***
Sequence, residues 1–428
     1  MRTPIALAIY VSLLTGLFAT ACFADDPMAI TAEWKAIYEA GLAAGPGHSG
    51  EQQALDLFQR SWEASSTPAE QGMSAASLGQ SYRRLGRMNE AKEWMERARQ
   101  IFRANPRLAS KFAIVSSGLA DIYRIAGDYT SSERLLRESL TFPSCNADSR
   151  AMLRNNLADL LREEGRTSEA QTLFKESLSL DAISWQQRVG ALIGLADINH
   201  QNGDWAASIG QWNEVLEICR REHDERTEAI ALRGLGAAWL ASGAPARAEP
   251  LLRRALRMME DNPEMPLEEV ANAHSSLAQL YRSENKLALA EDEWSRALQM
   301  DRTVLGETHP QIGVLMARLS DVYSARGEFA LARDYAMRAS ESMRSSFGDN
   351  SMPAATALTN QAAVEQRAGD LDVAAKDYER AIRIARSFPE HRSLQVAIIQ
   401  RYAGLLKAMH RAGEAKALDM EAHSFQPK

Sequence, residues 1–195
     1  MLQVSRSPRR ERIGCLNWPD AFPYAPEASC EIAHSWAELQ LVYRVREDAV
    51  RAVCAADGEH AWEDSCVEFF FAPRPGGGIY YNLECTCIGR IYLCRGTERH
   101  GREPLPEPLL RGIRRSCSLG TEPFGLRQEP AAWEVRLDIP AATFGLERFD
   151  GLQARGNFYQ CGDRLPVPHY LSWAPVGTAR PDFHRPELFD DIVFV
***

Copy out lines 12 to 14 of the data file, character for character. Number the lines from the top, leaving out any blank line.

     1  MLQVSRSPRR ERIGCLNWPD AFPYAPEASC EIAHSWAELQ LVYRVREDAV
    51  RAVCAADGEH AWEDSCVEFF FAPRPGGGIY YNLECTCIGR IYLCRGTERH
   101  GREPLPEPLL RGIRRSCSLG TEPFGLRQEP AAWEVRLDIP AATFGLERFD